What do you think about the inaugural column? What about Mark Anthony Green, your spiritual successor in all this? Do the two of you have a relationship, professional or personal, from your time working together at GQ?
I don't think he's my spiritual successor. I don't know Mark Anthony Green at all and I don't want to comment on him after reading one rather brief column. Over the years I worked with some great people at GQ, particularly Michael Hainey—a brilliant editor recently gone at-large—Adam Rapoport who has done a great job at Bon Appétit and Andy Comer who has gone over to the fashion world.
Have you reflected at all on what the end of your column, one that you've been doing for so long, means to you personally? I'm curious as to how you've processed this part of your career and life coming to a close.
I love having a regular audience month after month, but I'm sure that my readers and I will find each other. What GQ is now is not what I signed up for. It used to be smart and stylish. Now they're struggling. They'll save some money since they don't have to pay me and my 15 years of raises, but that won't make up for the fact that now you can slip GQ under the door. I have plenty to do. I am writing a major book about how the art world has changed in the last 50 years. I've got a few other books in the works and I write for magazines that smart people read. And I have a secret life in the field of commerce that brings home the bacon.
Can you talk a little about what you think your column accomplished over its long run and deliver a direct message to your fans and readers who will surely miss both you and your column?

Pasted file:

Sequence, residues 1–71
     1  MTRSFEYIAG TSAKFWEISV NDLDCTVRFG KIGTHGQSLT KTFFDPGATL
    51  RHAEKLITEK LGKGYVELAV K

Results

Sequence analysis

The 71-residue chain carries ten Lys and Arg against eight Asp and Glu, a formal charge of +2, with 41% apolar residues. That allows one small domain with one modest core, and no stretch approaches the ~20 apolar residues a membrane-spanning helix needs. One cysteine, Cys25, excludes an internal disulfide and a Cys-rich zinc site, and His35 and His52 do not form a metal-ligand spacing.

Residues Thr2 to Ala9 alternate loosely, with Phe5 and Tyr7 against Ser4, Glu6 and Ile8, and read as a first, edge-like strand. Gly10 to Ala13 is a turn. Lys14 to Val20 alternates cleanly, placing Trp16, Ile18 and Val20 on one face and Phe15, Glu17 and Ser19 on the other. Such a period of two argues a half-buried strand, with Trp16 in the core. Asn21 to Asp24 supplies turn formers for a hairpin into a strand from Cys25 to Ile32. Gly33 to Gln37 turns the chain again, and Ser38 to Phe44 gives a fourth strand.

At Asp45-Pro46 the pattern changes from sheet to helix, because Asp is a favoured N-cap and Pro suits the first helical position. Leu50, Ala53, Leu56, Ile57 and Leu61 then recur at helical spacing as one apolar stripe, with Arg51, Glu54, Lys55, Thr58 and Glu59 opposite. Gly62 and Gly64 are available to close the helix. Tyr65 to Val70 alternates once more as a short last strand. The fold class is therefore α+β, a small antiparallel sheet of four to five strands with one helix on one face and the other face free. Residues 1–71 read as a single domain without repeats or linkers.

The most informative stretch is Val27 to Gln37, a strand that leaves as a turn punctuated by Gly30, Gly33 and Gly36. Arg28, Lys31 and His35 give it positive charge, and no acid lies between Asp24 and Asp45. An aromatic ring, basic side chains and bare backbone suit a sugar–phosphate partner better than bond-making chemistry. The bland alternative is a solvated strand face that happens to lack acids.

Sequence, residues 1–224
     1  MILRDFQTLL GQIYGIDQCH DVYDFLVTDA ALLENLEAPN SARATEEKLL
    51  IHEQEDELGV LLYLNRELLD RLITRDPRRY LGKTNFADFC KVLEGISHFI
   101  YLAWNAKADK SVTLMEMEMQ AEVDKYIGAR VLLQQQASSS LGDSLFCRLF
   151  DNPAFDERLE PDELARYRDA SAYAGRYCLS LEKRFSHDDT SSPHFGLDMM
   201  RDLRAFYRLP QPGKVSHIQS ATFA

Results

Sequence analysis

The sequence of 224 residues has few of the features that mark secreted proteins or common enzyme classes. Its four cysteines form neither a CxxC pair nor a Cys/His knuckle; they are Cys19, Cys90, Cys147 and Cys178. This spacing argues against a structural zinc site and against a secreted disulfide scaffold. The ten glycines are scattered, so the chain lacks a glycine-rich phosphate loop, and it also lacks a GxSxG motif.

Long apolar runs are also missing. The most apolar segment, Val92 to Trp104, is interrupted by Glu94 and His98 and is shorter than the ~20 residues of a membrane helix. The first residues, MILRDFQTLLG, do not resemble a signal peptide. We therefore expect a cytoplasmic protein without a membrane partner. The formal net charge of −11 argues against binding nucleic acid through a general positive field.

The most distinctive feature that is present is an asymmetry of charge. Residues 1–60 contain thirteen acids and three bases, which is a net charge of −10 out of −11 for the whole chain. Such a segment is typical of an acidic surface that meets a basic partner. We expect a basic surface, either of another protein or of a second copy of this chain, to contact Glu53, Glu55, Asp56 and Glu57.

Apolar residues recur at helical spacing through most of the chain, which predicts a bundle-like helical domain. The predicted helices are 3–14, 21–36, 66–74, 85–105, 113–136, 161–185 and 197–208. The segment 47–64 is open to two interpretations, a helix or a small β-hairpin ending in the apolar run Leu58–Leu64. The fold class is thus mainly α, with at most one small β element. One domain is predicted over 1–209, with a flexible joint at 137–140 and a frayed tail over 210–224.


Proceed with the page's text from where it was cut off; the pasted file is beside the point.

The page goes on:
What did I accomplish? Well I think I see less baseball caps! And I don't know how much I had to do with it, but I see men looking more interesting and fearless, more men looking like stylish individuals and not fashionistas and I love it. If I have fans who miss me you can always find me on Twitter and Instagram, plus glennobrien.com where you might have to put up with the occasional poem. If you have a question that desperately needs an answer, send it and we'll deal with it gratis via Twitter. I can be found in every issue of 10, 10 Men and Purple, frequently in Artforum and Another Magazine, occasionally in Fantastic Man and The Gentlewoman, and in small independent magazines like Bad Day, Content, Paradigm and Let's Panic. Good to be small and independent! Several books are on the way. Coming this fall, the publication of a play I wrote with the late, great Cookie Mueller.
Can't say much now, but there's also TV in the works—no, not TV Party—although the oldies should all be available soon via Internet. À demain!
When reached for comment GQ editor-in-chief Jim Nelson said via spokesperson:
I don’t think about it so much as "rebranding" Style Guy as just rethinking it, which you always have to do in magazines, particularly with columns, even the very best of which can get predictable after a while. And Glenn's was among the very best. I loved Glenn's column, his wit and his take on fashion and style history, for many, many years—and he's absolutely right that he has a unique voice. But I thought, after 16 years, it was time for a different perspective on fashion and style. Things have changed so much, not the least of which is the way people want information and advice. And I'm interested in Style Guy moving forward, being in different places, being more responsive to the modern reader, more immediate and helpful. I actually don't think of it so much as a "column" anymore as an ongoing style conversation with our readers. I think they're hungry for that.
[Photo via Vivian Killilea/Getty Images]